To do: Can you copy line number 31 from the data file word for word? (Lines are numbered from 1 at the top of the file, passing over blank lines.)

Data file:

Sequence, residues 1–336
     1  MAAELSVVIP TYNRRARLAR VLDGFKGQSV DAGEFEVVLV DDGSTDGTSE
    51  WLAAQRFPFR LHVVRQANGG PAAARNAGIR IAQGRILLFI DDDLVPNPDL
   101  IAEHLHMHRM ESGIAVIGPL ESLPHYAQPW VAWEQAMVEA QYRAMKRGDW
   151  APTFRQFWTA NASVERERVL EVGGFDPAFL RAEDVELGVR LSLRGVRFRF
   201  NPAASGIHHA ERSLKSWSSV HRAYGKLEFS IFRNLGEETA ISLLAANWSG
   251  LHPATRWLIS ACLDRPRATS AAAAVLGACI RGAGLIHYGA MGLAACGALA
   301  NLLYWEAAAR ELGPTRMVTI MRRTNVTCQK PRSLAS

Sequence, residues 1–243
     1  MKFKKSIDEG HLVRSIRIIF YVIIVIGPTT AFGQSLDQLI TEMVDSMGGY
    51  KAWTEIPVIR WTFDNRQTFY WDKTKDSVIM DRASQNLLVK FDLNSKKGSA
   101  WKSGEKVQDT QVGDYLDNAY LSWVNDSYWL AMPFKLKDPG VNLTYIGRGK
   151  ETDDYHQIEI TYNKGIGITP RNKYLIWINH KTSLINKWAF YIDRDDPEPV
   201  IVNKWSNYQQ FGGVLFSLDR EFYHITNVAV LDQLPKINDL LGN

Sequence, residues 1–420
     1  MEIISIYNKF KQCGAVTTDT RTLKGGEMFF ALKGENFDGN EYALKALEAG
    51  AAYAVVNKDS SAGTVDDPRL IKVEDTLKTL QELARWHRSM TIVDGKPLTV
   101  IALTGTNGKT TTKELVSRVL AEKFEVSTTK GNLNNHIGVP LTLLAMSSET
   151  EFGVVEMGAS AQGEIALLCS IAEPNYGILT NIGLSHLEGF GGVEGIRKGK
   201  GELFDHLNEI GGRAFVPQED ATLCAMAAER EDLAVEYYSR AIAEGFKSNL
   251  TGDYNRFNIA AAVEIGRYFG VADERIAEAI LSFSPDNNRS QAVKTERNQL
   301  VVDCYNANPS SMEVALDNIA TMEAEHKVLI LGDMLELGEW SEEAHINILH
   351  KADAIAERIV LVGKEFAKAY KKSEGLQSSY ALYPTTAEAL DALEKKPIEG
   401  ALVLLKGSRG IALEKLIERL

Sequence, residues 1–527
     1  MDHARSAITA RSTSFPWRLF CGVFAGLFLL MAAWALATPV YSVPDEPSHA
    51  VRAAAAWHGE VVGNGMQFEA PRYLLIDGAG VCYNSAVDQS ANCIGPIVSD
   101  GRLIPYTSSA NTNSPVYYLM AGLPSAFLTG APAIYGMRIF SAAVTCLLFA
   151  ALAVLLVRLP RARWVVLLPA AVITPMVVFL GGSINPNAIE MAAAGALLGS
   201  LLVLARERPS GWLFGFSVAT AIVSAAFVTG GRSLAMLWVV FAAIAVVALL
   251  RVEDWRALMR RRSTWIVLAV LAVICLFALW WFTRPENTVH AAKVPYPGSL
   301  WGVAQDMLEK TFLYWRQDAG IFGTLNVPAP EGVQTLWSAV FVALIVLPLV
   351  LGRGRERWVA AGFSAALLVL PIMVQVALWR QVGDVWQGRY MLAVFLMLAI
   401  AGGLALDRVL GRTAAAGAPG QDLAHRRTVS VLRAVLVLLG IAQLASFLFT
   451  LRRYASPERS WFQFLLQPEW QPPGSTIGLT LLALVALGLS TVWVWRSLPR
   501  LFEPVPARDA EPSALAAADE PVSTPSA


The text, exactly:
   251  RVEDWRALMR RRSTWIVLAV LAVICLFALW WFTRPENTVH AAKVPYPGSL